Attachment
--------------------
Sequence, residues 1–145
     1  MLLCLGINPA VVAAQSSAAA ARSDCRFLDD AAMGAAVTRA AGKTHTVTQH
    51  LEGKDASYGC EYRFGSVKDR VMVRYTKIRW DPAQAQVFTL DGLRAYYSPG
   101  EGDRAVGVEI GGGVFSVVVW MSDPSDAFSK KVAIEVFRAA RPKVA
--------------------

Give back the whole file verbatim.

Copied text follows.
Sequence, residues 1–145
     1  MLLCLGINPA VVAAQSSAAA ARSDCRFLDD AAMGAAVTRA AGKTHTVTQH
    51  LEGKDASYGC EYRFGSVKDR VMVRYTKIRW DPAQAQVFTL DGLRAYYSPG
   101  EGDRAVGVEI GGGVFSVVVW MSDPSDAFSK KVAIEVFRAA RPKVA